Traditions help us deal with change, loss
Since my mom’s passing in August, many people have given me books and resources to help with the grief. They’ve all been helpful in different ways, but there was a passage that struck a chord in my heart and has been on my mind continually.
It said, “When you lose a parent, you lose your past; when you lose a spouse, you lose your present; when you lose a child, you lose your future.”
After I read it, I sat in the quiet for a long time. Those words sunk in and helped me realize why my dad, sister, and I are experiencing grief in different ways. While we’re all struggling in our everyday lives without her, my sister and I often say, “Remember when mom …” or “Mom would have loved …” or “Mom used to do it this way or that way.”
But I see my dad’s daily loneliness, his sadness over entering an empty house, reaching for the phone only to realize he can’t call her, the missing chair at the table or on the dance floor while my sister and I have a partner.
We’ve lost our mom. Our dad lost his soul mate. Both are terribly hard. Just different.
With the passage from the grief book in mind, it’s no wonder I’ve been thinking a lot this holiday season about my childhood Christmases. They always seemed to start with the Asheville Christmas Parade. My sister and I grew up dancing and twirling the baton so inevitably each year we were significantly underdressed as we leaped or twirled our way down Patton Avenue. Once the parade concluded, my family would go to the former Three Brothers Restaurant and sip hot chocolate until we warmed up. My dad was friends with the owners, so they always gave us extra, extra whip cream.
We always got our Christmas tree the weekend after Thanksgiving. In early childhood, we had an artificial tree which we adorned with entirely too much tinsel and popcorn. My mom was never one to care about an intricately decorated tree with a color scheme. She just wanted us to have fun decorating it, and that we did!
Elves on the Shelves weren’t available for adoption in those days, but we had our own daily ritual that excitedly pulled my sister and me out of bed each morning. Individual Advent calendars hung on our doorknobs, and every night, my dad would write poetic riddles on small sheets of paper that sent us around the house on scavenger hunts to find small gifts like flavored lip gloss, a pair of Christmas socks, or a box of candy. We loved the gifts, of course, but the thrill of the search was the most fun part. My dad was an English major, so the riddles were festively creative and always rhymed. I wish I still had those little pieces of paper.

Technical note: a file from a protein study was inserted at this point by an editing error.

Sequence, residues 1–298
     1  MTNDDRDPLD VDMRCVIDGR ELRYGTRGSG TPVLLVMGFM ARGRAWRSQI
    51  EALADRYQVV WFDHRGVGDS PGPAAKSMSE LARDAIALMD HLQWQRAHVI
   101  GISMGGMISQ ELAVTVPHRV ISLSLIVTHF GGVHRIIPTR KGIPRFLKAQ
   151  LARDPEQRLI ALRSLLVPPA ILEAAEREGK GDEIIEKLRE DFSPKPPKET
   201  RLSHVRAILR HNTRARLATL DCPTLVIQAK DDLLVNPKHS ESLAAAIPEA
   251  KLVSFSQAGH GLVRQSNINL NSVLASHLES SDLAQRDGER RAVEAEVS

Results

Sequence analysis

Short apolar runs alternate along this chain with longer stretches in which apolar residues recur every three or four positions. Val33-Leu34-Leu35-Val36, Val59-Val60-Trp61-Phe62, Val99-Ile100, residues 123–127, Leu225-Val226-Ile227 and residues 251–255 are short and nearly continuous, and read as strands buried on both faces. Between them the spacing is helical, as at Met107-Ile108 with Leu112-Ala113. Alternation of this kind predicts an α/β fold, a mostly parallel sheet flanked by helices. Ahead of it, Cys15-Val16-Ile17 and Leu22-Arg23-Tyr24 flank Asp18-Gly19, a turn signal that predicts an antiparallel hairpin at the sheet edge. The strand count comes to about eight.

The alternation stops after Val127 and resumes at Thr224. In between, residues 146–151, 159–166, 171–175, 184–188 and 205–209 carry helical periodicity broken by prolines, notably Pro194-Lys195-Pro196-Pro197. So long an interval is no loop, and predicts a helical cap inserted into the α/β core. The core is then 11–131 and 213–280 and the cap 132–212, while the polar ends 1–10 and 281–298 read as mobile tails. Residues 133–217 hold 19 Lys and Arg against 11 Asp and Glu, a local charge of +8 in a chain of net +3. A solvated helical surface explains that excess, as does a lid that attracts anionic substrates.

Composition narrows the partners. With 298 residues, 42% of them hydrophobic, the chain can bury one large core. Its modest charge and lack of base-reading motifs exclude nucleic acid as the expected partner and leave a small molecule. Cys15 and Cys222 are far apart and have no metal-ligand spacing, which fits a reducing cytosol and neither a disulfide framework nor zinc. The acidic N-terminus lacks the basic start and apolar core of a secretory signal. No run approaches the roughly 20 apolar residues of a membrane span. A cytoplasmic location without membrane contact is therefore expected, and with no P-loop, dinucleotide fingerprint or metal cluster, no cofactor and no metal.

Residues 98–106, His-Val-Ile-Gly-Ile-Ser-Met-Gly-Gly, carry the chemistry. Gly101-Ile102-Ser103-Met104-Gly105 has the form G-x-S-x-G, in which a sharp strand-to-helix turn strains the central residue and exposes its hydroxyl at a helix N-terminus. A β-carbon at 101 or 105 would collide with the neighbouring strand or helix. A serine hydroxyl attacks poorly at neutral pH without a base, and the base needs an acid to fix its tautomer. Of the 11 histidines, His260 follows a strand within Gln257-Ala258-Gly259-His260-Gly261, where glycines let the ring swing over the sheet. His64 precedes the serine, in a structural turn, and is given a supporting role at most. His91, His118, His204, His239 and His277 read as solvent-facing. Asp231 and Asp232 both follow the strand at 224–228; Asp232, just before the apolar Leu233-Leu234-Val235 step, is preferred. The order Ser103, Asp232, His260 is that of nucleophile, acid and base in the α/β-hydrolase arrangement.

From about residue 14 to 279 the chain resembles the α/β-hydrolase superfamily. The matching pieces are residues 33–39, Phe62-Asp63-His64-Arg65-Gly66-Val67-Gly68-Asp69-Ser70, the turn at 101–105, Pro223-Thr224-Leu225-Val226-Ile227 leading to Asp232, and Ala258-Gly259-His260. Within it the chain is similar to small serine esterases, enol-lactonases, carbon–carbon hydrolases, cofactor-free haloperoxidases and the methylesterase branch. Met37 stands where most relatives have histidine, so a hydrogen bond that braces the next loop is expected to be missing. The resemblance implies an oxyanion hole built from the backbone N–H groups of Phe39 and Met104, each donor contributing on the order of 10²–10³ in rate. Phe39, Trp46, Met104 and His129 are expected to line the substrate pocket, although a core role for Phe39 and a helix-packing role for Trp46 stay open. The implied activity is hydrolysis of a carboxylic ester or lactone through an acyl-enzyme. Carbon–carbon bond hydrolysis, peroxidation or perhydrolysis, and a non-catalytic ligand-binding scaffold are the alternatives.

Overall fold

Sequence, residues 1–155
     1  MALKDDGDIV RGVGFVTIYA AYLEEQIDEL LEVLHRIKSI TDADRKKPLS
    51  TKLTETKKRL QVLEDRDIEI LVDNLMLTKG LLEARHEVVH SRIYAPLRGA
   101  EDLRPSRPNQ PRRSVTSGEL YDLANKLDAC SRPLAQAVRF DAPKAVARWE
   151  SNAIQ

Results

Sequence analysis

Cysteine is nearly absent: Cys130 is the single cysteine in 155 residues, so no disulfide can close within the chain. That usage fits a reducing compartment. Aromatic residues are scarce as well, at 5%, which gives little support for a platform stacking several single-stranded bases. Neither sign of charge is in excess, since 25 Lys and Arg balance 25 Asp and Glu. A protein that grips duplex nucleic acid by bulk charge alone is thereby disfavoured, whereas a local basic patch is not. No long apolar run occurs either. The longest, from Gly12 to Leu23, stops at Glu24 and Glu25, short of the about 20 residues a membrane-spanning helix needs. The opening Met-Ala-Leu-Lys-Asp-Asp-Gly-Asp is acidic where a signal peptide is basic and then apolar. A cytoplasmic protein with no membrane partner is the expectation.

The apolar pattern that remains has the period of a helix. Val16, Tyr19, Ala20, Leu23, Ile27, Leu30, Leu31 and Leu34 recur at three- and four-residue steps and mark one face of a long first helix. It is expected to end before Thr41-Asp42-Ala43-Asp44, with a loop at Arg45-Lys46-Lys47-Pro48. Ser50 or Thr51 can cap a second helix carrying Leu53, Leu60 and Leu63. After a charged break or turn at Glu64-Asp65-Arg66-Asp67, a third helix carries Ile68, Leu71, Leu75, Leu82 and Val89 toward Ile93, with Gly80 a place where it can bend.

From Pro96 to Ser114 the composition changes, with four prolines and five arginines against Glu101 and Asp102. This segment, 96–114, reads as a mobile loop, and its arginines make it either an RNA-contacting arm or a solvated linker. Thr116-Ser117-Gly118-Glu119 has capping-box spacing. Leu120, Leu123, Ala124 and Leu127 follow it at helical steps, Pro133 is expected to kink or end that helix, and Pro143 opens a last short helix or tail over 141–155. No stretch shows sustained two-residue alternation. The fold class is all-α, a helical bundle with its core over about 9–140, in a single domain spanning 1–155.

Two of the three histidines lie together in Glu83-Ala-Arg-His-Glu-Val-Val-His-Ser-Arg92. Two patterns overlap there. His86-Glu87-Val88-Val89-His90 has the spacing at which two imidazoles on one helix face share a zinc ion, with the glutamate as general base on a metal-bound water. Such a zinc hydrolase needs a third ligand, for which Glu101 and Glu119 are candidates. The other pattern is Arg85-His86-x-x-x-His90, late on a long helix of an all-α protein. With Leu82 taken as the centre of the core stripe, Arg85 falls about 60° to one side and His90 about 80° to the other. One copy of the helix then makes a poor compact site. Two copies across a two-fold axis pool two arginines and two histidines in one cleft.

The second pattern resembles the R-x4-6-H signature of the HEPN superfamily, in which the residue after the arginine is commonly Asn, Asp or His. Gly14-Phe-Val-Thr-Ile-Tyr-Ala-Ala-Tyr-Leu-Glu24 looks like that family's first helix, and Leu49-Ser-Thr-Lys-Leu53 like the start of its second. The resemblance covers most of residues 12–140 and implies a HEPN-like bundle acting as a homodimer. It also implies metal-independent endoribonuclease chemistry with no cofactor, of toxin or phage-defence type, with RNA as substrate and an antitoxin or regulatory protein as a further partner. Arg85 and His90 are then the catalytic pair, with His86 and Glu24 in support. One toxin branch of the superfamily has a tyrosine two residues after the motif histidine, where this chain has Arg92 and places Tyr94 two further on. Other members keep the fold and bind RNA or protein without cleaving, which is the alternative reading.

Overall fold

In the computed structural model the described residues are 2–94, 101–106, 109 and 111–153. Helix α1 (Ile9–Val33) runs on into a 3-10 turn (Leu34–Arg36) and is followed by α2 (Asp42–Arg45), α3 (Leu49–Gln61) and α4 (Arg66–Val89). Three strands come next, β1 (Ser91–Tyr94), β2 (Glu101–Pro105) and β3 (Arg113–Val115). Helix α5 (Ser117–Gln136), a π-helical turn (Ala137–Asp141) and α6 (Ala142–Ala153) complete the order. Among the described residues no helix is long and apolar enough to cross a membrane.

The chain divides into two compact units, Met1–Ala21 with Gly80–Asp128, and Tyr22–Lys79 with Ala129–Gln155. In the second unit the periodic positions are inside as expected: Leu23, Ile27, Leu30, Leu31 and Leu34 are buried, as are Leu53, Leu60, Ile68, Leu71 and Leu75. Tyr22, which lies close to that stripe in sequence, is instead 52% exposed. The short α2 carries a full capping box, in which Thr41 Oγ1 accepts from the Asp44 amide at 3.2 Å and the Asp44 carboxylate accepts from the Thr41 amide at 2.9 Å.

Another ritual was lighting all of the candles on the coffee table. We didn’t have tea lights or Yankee Candles or Scentsy warmers or essential oil diffusers. We just had old-school candles shaped like reindeer, snowmen and Santa Clauses. We would watch the flame burn while eating snacks and waiting until 8 p.m. on the dot when “Rudolph the Red Nosed Reindeer,” “How the Grinch Stole Christmas,” or “Santa Claus is Coming to Town” came on the TV. Because I’m sure as you remember, if you missed the one night these movies came on, you were sorely out of luck. There was no Netflix or Amazon Prime to make the movies correspond with the family’s schedule.
On Christmas Eve, my sister and I slept in her “big bed” which I later realized was only a double but seemed so big when I was a tiny girl. She and I would whisper and giggle late into the night until one little blonde head and one little brown head finally fell fast asleep.
Bright and early the next morning, we pulled our parents out of bed completely unaware of their lack of sleep. With all of our hair disheveled, our teeth unbrushed, and pajamas on, we tore into our gifts. We squealed over Cabbage Patch Dolls and bicycles and Strawberry Shortcake figurines. Despite their exhaustion, my parents watched with utter joy and contentment. And as a mom myself, I now understand why.
I’ve realized since August that when your childhood is quintessential in all the right ways, losing a family member is so hard. But the memories are so very precious and serve as a beacon of light for me as I make my own way and create my own story in this lifetime.
It seems so strange that my mom won’t be here for Christmas when she was the cornerstone of everything related to the day and embodied the spirit of the season.
This week, my dad started a new tradition by picking up the boys from school and taking them one at a time to buy a Christmas gift for me, their dad, and their brother. I met with him last night over coffee, and he has detailed lists of the various gifts he’s gotten the grandchildren, asking me to assess if all seems adequate and fair. Throughout our time of grief, he’s demonstrated the most beautiful combination of deep grief and hopeful optimism. I admire him so much for this.
As these final days before Christmas come and go, a lot of folks are on my mind. Those who longingly lament the past, those who struggle for a new daily normal, and those who ache for a future that will never be.
The holidays are a hard batch of weeks for those with grieving souls, but they are also a time to honor, remember, and hope. Like my dad, I hope to find a harmony between the dark and the light, and having two sweet little boys who are creating their own childhood memories, I’ll do my best to make that happen.